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DELTA Offers New Hybrid Learning Grant

Use Online and In-Person Methods to Support Learning by Doing

instructor standing in a classroom with students sitting at tables using notebook computers
Biological Sciences Senior Lecturer Lisa Paciulli interacting with students in the Active Learning Classroom in her BIO 181: Introductory Biology class.

NC State University is committed to empowering the campus community by remaining flexible and adaptable to the evolving needs of our students. Our faculty and staff consistently look for methods that enable students to be independent thinkers and problem solvers of various disciplines, particularly high-impact activities and experiences that emphasize learning by doing.

During the pandemic, educators sought new ways to work with students who were forced to attend classes virtually. Now, as we enter a post-pandemic period, higher education has embraced this concept of hybrid learning, also known as blended learning. More educators are interested in ways to transform traditional pedagogies such as lecturing to using hybrid learning to integrate and take advantage of the strength of online and in-person environments to create engaging, interactive and flexible learning opportunities.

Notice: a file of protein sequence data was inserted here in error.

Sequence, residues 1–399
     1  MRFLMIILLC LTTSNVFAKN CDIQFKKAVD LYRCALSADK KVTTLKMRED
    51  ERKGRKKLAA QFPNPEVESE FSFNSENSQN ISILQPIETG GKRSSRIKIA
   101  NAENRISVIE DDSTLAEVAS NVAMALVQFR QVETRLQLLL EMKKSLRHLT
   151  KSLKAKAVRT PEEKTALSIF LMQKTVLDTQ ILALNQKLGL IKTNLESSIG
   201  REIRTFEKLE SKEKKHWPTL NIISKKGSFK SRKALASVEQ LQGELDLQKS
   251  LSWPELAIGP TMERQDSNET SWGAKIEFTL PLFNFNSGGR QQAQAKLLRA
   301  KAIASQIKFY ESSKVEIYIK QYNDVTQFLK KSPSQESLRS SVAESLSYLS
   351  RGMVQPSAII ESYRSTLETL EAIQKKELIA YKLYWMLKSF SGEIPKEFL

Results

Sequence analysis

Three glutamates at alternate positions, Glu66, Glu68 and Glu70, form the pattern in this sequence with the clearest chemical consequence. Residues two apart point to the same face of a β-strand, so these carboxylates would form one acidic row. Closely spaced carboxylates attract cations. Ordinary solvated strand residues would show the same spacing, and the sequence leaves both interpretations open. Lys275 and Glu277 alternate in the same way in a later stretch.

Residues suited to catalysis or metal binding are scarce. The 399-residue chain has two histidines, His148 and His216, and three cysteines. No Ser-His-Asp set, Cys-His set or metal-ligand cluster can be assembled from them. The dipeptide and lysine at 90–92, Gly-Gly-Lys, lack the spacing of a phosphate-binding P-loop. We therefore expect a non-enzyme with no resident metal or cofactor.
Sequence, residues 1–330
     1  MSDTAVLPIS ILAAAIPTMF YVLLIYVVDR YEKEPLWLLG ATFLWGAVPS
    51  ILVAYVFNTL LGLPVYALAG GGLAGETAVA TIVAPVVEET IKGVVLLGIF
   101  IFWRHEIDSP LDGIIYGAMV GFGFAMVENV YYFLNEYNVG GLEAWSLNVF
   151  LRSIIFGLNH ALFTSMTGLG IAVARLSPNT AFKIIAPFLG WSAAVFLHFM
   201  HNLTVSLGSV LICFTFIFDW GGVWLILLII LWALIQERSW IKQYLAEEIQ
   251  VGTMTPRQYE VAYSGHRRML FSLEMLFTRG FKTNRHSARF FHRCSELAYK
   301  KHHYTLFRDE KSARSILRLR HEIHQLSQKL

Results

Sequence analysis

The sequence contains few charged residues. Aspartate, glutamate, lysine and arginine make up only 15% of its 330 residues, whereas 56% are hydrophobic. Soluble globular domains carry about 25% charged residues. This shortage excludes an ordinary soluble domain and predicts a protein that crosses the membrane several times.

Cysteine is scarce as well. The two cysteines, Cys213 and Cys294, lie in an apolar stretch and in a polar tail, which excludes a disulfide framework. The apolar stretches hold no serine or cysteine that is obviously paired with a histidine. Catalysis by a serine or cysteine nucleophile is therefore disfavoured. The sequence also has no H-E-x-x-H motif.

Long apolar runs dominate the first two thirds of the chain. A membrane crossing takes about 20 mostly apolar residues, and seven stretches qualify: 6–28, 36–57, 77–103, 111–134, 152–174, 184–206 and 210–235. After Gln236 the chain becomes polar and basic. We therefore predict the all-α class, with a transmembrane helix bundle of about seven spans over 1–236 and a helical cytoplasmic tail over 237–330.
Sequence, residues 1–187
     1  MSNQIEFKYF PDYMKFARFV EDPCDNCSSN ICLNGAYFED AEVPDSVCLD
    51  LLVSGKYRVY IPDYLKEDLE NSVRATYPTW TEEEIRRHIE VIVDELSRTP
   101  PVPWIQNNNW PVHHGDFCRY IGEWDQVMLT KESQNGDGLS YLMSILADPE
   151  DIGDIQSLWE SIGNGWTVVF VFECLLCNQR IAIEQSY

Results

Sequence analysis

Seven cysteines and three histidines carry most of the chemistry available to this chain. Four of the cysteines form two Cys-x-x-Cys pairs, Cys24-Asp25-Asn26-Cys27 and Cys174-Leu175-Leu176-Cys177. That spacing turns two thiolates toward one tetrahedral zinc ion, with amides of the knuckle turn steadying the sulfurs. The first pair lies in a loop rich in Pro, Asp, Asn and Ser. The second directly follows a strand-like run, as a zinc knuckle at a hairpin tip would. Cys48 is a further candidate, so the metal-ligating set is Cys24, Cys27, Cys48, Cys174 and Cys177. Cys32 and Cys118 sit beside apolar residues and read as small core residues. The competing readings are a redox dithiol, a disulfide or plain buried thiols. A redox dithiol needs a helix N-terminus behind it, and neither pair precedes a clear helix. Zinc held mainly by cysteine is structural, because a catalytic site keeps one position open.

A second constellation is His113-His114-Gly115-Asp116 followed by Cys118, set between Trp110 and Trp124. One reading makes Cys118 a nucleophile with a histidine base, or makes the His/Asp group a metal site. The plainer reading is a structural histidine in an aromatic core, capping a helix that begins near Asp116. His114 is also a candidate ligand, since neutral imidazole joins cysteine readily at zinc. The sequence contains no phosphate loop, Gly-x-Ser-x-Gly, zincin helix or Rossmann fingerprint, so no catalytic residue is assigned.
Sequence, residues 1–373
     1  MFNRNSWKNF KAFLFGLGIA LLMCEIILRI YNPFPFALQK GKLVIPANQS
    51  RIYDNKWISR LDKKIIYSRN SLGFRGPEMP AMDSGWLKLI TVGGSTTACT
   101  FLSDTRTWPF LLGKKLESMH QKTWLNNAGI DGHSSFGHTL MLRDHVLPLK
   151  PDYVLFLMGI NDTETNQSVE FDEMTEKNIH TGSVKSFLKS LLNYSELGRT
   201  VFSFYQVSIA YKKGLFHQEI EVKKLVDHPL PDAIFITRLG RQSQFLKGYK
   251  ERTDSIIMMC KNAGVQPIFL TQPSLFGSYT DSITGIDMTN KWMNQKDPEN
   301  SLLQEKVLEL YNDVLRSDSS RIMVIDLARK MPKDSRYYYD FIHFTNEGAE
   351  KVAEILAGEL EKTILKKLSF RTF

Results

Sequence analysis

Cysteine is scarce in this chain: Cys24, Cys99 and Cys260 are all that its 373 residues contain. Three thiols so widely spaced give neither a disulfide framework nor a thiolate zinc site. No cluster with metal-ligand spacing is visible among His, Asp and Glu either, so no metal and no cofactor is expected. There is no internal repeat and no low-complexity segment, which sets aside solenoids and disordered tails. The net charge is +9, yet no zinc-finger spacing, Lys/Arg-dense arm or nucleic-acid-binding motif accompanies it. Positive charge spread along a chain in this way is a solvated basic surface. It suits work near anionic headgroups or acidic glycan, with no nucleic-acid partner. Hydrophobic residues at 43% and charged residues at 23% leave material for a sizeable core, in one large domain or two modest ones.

Long before the pandemic, DELTA began working with instructors using DELTA Grants in 2014 to redesign courses into hybrid and flipped learning formats. Grant recipients collaborated with DELTA, which led to increased class time for active learning activities, and through assessment, many reported improved learning outcomes.

Teaching Professor Molly Fenn, a 2015-2016 DELTA Grant recipient, wanted to develop a flipped course for her MA 231: Calculus for Life and Management Sciences for several years before applying for a DELTA Grant. The additional resources provided by DELTA supported the transformation process she needed to make her ideas happen.

“Working with the team at DELTA gave me great insight into how to structure the learning materials for the course,” Fenn said. “And the grant allowed me time to work on the redesign and made me accountable so things got done on a reasonable timeline. I’ve been able to use the skills and strategies DELTA taught me in the years since to make other courses I teach even more student-centered and well-designed.”